- The Washington Times - Friday, February 23, 2007

Hefty magazines usually make their appearance on newsstands in fall or for the Christmas season, but this year, for some reason, you could break your arm lugging home the March issues of Vanity Fair, Vogue, W and Harper’s Bazaar.

Vanity Fair proudly boasts in its cover line: “Our Biggest Issue Ever,” and is it ever — 500 glossy pages’ worth. The issue also is the 13th Hollywood special, timed to appear with the Academy Awards.

Cleverly, Editor in Chief Graydon Carter has put together a visual and literary tour de force titled “Killers Kill, Dead Men Die,” a tribute to film noir of the 1940s and ‘50s illustrated with most of the leading contenders for this year’s Oscars and photographed by superglam photographer Annie Leibovitz. Distinguished cinematographer Vilmos Zsigmond planned all the setups, giving the impression you’re looking at stills from all those black-and-white thrillers of yesteryear.

Handsome and inventive as the double-spread pictures are, you doubt that some of the subjects, Judi Dench and Helen Mirren, for example, are going to want to frame their photographs for their living rooms. Very unkind lighting, to say the least. You can barely recognize Jack Nicholson in a ‘30s fedora.

In addition to the color spread, you also get a black-and-white series of photographs from such films as “Laura,” “Sweet Smell of Success,” “This Gun for Hire,” and “The Big Heat” along with an essay on how the film-noir genre developed between the Great Depression and the start of the Cold War. Ann Douglas explains why “the noir’s poignant cynicism took hold and why it remains embedded in the national psyche today.”

There’s a lot more in those 500 pages than film noir and extravagant ads for costly garments. For instance, two top-flight investigative journalists, Donald L. Barlett and James B. Steele, appear for the first time in Vanity Fair’s pages with an article on a powerful but little-known federal supplier that has 8,000 active contracts with the U.S. government and a work force of 44,000. Based in San Diego, the Science Applications International Corp. is, as the magazine puts it, “the brain to Halliburton’s brawn.” An intriguing, not to say disturbing, piece.

• • •

That worthy monthly Archaeology is all heated up over Mel Gibson’s “Apocalypto,” contesting the film’s violence. In browsing through some of my reference books, however, I find there appears to be much evidence for Maya violence and cruelty of a nature Mr. Gibson couldn’t possibly have included, such as pulling stingray tails through the tongue and other tender body parts, all recorded in extant murals. Check out “The Blood of Kings: Dynasty and Ritual in Mayan Art” to get a real notion of just how bloody Maya rituals were.

Curiously, author David Friedel, who is identified as “dedicating his career to the Maya, both ancient and modern,” concentrates on the more noble qualities of the people, downplaying their brutal side. Of course, he also is identified as working with modern-day Maya “to promote responsible archaeological and ecological tourism.”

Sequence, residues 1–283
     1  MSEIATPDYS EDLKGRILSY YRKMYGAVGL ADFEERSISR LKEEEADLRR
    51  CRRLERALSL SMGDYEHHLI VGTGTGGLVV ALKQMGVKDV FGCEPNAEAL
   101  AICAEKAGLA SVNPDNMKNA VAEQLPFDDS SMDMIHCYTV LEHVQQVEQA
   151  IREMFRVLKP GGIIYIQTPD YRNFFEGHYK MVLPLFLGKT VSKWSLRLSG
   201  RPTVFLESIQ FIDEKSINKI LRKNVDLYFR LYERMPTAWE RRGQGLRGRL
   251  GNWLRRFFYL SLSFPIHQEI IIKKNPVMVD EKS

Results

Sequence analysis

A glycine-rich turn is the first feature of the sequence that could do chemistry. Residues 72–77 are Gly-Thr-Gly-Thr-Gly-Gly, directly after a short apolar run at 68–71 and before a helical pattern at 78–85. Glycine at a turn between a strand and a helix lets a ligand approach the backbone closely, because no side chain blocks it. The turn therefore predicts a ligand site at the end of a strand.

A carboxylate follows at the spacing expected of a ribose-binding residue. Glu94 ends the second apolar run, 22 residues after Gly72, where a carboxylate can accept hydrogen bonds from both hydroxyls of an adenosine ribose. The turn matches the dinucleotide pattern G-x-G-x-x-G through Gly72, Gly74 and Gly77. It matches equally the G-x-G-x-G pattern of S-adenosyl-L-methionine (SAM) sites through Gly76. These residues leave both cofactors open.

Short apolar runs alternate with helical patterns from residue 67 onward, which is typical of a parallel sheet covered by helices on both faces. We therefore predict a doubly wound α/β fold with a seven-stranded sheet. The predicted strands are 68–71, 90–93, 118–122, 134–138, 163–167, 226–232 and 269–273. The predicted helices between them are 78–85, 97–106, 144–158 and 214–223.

• • •

Vogue also is boasting of its “biggest spring issue ever,” beating out Vanity Fair by 130 pages. The fashion magazine has given its cover to Jennifer Hudson, nominated for an Academy Award for best supporting actress for “Dreamgirls.” And yes, Annie Leibovitz also took the photograph of Miss Hudson glowing happily for the occasion.

• • •

The March Smithsonian is chockablock with highly readable material, and thank heaven one doesn’t have to keep turning page after page of glossy advertisements in bed. Author Francine Prose followed the trail of Caravaggio, the “criminally gifted 16th-century painter,” as she describes him, tracking the master-turned-murderer through Italy.

This splendid and engrossing article is illustrated by Andrea Pistolesi, whose photographs show not only the artist’s most celebrated works, but scenes from his life, as when Caravaggio walked 60 miles on scalding beaches and through mosquito-infested marshes to reach Porto Ercole, the port on the Tuscan coast where he collapsed and died at the age of 38.

Another engaging piece of history is brought to light in the same issue with “Catching Up With Old Slow Trot,” by Ernest B. Furgurson, who tells the tale of Gen. George Henry Thomas, a Virginian who became one of the Union’s most brilliant generals. He was considered a traitor to the Confederate cause; his two sisters denied they knew him and returned his letters unopened. In his youth, he taught his family’s 15 slaves to read and write even though teaching slaves was illegal in Virginia.

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